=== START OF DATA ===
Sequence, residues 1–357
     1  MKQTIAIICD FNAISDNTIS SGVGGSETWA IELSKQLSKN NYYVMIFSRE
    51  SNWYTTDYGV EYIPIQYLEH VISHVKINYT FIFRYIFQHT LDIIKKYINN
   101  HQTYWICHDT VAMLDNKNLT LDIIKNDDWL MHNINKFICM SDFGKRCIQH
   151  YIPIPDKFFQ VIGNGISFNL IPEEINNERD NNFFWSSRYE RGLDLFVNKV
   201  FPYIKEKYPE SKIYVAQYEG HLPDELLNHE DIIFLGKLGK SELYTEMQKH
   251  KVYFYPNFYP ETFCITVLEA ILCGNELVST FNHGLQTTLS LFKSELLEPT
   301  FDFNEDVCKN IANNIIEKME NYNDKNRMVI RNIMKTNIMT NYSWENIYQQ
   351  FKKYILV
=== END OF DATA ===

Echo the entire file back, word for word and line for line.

Sequence, residues 1–357
     1  MKQTIAIICD FNAISDNTIS SGVGGSETWA IELSKQLSKN NYYVMIFSRE
    51  SNWYTTDYGV EYIPIQYLEH VISHVKINYT FIFRYIFQHT LDIIKKYINN
   101  HQTYWICHDT VAMLDNKNLT LDIIKNDDWL MHNINKFICM SDFGKRCIQH
   151  YIPIPDKFFQ VIGNGISFNL IPEEINNERD NNFFWSSRYE RGLDLFVNKV
   201  FPYIKEKYPE SKIYVAQYEG HLPDELLNHE DIIFLGKLGK SELYTEMQKH
   251  KVYFYPNFYP ETFCITVLEA ILCGNELVST FNHGLQTTLS LFKSELLEPT
   301  FDFNEDVCKN IANNIIEKME NYNDKNRMVI RNIMKTNIMT NYSWENIYQQ
   351  FKKYILV